RBI Counters Government Claim That The Economy Is Starved Of Credit
The Reserve Bank of India on Tuesday reiterated that credit growth to the economy remains strong, countering the narrative that lending restrictions placed on weak banks are leading to constrained flow of credit.
Adjusted non-food bank credit grew at a strong 15.6 percent during the fortnight ended Nov. 9, showed data put out by the RBI. Adjusted non-food credit shows the flow of resources to the commercial sector and adjusts for government bond investments made by banks.
The data attempts to counter the claim that restrictions on weak banks and stress in the NBFC sector is hurting flow of credit to the economy.
While acknowledging that bank credit growth has picked up, Sanjeev Sanyal, principal economic adviser to the government has argued that SME and real estate firms are not seeing adequate credit flow.
A break up of credit flow to individual industries will be released at the end of the month.
“We are concerned that many of the NBFC (non-banking finance companies) will see much slower credit growth than in recent past. Also, SMEs (small and medium enterprises) continue to suffer from a credit crunch. We do need some part of the banking system to expand,” Sanyal told BloombergQuint in a interview on Monday.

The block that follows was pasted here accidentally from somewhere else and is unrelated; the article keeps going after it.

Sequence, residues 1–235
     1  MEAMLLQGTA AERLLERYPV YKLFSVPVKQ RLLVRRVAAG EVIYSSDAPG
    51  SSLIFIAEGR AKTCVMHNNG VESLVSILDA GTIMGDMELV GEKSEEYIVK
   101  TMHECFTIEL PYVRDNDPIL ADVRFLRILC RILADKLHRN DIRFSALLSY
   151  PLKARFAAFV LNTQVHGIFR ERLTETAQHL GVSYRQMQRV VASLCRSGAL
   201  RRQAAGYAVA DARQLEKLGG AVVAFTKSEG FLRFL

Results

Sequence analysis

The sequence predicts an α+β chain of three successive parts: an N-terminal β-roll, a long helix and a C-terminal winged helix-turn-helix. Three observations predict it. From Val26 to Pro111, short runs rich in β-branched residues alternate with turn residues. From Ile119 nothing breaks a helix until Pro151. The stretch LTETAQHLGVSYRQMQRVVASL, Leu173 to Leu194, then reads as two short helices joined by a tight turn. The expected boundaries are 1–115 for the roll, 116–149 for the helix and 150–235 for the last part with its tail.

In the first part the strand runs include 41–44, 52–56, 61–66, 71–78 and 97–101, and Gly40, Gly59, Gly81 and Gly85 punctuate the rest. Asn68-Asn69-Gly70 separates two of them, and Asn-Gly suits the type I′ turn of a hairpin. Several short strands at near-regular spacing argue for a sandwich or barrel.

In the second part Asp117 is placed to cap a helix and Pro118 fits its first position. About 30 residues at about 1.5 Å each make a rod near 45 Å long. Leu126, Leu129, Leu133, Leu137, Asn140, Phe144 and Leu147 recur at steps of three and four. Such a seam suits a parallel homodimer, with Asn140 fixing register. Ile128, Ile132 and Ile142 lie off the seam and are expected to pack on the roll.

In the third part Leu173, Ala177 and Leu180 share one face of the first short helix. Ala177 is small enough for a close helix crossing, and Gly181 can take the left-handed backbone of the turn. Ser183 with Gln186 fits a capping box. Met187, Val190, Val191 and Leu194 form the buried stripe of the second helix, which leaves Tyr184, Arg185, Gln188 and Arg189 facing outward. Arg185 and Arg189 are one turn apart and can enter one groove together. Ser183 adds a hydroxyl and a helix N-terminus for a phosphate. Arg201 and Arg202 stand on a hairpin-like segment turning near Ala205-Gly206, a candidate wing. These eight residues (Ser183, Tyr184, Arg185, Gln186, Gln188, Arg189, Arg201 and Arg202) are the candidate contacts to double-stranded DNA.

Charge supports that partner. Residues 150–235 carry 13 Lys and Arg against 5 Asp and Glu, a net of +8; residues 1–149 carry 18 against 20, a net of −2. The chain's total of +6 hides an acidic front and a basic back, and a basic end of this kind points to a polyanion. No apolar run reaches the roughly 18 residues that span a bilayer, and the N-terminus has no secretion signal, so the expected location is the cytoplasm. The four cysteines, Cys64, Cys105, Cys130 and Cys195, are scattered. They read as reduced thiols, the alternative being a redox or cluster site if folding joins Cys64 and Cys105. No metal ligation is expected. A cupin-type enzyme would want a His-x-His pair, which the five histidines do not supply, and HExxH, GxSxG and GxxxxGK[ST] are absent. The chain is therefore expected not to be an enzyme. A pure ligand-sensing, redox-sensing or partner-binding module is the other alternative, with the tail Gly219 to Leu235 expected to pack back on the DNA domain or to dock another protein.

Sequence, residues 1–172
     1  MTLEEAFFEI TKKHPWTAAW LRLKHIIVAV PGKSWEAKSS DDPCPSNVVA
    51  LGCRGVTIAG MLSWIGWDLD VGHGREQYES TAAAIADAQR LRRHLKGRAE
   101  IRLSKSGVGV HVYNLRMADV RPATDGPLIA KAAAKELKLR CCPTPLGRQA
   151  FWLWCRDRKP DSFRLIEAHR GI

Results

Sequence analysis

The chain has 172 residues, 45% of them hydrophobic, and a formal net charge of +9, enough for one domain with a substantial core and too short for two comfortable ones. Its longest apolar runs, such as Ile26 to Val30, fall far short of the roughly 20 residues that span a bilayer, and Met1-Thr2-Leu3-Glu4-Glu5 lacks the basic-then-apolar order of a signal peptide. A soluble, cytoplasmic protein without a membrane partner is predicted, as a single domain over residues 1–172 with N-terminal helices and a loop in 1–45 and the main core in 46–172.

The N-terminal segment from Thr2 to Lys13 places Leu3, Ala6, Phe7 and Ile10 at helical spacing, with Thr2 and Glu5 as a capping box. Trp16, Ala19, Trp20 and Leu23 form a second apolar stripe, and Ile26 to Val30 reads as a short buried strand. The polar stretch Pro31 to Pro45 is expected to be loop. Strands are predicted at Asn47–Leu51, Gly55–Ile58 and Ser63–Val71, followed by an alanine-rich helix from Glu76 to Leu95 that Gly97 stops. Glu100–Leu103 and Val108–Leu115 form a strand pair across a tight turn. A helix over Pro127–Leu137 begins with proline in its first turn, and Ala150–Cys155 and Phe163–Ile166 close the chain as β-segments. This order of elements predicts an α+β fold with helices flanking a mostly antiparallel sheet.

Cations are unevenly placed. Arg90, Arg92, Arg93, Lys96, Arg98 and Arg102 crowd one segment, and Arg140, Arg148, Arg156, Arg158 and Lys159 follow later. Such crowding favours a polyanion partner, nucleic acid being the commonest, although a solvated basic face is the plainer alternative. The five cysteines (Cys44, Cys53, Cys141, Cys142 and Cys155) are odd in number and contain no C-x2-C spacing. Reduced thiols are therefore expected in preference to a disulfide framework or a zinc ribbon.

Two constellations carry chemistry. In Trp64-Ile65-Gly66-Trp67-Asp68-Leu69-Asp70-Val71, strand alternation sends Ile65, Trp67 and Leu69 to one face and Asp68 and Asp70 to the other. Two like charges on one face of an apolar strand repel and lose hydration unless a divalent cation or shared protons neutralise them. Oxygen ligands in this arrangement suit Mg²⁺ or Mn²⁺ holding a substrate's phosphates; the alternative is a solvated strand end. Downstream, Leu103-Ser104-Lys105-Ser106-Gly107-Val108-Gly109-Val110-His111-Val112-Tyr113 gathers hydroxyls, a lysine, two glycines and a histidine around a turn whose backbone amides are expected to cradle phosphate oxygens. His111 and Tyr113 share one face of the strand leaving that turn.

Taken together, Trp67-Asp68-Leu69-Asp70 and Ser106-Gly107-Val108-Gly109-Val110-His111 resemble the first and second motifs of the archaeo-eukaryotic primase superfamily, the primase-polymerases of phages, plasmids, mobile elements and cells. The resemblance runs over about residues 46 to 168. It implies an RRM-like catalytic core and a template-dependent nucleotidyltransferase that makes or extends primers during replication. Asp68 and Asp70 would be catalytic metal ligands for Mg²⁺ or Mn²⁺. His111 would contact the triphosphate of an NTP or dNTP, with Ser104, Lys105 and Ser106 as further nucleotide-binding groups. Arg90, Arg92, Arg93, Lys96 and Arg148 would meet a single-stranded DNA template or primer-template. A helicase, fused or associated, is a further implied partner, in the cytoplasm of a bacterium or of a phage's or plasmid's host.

The government is asking the RBI to ease restrictions on weak public sector banks to enable them to begin lending again. The RBI, however, argues that the balance sheets of these banks need to be strengthened further before they are allowed to start lending.
“It’s important that the PCA framework to deal with financially weak banks is persisted with. Any slackening of the approach in the midst of required course of action is an all-too-familiar and ultimately harmful habit that we must eschew,” Acharya had said in a speech on October 12.